Girls In Prison (1991), Acrylic/Canvas, 24 x 30"
Berkeley gadfly John Sheridan's "Gravity" paintings put a postmodern spin on art history and pop culture using recycled images from the freewheeling '50s as their point of departure. Even as the confrontational tondo, Circus Queen Descending, quotes everything from Botticelli's Birth of Venus to Manet's Olympia, Sheridan lifts his leggy models and titillating titles (Jail Bait, Juvenile Jungle, Easy to Pickup, Girls in Prison) from pulpy paperbacks, campy comics, and teenage trash-film promo posters of the period. Like Peggy Sue, Sheridan's harem of bodacious bitchin' babes in tight skirts and sensible shoes are caught in that "We Like Ike" timewarp when sex was a four-letter word and good girls didn't. Like seismic sediment mirroring the pent-up passions rumbling beneath pre-Peyton Place America, kaleidosocpic waves of liquid acrylic rock and roll across Sheridan's canvases and swirl around his statuesque figures like psychedelic sandstorms. Though these stormy and steamy gravity paintings routinely elicit shrieks accusing them of sexploitation, they remain uplifting.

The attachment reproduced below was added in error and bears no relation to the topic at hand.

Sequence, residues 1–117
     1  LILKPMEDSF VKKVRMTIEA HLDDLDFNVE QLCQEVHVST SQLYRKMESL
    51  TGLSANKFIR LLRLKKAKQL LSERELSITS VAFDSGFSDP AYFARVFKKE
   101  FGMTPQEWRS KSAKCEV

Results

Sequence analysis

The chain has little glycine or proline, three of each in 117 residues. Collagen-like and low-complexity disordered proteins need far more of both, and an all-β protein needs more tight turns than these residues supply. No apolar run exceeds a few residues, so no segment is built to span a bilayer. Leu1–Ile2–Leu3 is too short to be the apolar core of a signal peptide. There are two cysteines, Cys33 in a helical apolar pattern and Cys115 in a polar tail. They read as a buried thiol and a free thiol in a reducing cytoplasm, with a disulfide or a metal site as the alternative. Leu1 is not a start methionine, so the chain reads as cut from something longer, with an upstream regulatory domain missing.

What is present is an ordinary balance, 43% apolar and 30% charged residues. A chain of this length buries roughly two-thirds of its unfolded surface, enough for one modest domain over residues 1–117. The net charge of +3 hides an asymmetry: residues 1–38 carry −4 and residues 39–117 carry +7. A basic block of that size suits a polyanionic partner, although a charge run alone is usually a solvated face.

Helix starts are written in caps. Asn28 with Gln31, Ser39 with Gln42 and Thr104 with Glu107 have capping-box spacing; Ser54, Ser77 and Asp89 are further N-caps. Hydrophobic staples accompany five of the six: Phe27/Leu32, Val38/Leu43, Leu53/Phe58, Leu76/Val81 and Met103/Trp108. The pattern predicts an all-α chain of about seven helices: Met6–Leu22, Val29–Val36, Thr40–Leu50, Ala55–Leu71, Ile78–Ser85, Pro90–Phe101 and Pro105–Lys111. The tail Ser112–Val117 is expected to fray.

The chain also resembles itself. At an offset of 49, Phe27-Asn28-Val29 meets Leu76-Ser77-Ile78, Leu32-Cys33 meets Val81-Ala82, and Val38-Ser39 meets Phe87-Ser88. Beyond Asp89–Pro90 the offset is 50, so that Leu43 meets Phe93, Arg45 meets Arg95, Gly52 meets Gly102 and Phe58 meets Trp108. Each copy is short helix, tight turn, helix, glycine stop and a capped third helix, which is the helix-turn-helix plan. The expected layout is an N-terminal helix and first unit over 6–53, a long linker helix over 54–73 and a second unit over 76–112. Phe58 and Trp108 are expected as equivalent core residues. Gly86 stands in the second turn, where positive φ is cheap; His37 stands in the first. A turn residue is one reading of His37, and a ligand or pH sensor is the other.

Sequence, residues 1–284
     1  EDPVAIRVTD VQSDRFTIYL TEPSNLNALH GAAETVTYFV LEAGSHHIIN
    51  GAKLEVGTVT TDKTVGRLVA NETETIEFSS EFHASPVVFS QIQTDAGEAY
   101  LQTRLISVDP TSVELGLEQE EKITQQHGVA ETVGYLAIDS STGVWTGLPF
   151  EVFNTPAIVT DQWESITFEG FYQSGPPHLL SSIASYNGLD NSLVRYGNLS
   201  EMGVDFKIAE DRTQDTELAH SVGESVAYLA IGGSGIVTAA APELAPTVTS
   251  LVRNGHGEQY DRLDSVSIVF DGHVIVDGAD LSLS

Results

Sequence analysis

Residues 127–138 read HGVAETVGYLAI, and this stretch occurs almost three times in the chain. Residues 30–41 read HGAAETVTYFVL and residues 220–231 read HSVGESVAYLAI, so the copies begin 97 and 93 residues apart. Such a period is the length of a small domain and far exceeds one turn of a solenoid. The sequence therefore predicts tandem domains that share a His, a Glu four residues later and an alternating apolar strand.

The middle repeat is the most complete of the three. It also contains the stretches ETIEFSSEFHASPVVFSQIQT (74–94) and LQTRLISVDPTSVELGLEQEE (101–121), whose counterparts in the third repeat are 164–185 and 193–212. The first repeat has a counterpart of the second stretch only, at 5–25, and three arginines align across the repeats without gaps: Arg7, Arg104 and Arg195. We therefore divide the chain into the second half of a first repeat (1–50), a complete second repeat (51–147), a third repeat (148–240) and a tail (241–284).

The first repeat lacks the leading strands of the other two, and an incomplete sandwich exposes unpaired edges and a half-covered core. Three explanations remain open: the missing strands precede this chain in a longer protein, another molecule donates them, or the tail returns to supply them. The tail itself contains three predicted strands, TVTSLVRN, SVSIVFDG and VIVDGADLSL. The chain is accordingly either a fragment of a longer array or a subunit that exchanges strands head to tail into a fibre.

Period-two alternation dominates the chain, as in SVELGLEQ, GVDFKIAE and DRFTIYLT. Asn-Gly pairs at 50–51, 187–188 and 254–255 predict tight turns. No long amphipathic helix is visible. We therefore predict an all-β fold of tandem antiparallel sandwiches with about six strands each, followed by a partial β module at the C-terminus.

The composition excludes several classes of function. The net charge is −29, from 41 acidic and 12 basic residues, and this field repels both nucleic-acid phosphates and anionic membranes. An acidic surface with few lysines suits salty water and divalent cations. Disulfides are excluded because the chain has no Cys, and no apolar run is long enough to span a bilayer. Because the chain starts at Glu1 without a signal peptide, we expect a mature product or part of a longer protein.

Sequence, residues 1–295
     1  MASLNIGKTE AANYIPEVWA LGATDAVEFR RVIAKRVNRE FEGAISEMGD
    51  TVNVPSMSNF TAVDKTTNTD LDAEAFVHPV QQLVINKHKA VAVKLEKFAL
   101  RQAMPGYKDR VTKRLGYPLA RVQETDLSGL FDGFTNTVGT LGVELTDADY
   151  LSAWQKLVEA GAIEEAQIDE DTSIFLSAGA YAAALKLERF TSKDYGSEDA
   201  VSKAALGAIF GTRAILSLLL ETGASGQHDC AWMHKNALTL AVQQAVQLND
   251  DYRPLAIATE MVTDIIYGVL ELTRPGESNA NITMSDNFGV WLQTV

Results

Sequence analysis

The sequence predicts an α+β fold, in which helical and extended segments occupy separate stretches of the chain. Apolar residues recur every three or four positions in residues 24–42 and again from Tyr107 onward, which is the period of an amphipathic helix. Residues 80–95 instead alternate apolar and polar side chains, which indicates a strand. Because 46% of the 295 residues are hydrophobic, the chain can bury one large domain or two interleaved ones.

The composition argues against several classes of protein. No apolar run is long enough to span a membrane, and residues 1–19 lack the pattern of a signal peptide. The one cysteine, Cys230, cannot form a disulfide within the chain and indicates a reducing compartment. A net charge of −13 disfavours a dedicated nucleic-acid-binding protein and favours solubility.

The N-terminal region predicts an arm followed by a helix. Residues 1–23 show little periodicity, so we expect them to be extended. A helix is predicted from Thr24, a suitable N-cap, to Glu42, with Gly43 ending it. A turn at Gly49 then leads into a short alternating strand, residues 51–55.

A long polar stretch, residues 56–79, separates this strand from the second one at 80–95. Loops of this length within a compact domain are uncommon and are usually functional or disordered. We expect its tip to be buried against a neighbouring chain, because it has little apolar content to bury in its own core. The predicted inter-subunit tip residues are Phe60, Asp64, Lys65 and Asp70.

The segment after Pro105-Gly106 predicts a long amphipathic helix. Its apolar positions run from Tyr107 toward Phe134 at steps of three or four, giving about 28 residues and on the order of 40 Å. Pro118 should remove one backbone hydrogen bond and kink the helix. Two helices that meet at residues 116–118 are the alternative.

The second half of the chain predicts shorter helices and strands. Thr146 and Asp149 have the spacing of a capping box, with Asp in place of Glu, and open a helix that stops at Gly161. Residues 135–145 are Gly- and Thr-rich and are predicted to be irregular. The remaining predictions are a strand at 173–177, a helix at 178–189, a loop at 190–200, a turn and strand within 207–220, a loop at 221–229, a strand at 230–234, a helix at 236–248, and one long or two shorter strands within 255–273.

-- Harry Roche, SF Bay Guardian